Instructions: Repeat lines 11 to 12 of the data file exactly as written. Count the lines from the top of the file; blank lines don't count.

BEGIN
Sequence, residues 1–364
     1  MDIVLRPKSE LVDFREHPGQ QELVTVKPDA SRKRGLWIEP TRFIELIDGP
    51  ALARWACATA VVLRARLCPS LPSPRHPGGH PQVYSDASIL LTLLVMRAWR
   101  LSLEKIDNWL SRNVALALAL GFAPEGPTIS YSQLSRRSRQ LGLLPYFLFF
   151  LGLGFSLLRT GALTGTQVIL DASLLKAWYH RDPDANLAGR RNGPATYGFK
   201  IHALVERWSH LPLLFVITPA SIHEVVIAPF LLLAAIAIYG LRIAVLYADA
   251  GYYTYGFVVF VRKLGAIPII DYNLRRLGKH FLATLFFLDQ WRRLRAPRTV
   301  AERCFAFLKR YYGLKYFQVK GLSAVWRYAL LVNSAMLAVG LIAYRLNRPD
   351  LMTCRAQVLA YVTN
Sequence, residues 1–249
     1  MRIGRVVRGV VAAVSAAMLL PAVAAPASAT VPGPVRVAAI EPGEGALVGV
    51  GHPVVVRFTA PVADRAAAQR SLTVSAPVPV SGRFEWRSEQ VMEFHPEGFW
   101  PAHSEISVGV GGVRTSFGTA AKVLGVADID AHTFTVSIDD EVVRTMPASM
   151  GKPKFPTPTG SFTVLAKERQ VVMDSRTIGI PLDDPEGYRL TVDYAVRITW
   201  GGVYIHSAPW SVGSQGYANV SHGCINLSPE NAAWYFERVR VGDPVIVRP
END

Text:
     1  MRIGRVVRGV VAAVSAAMLL PAVAAPASAT VPGPVRVAAI EPGEGALVGV
    51  GHPVVVRFTA PVADRAAAQR SLTVSAPVPV SGRFEWRSEQ VMEFHPEGFW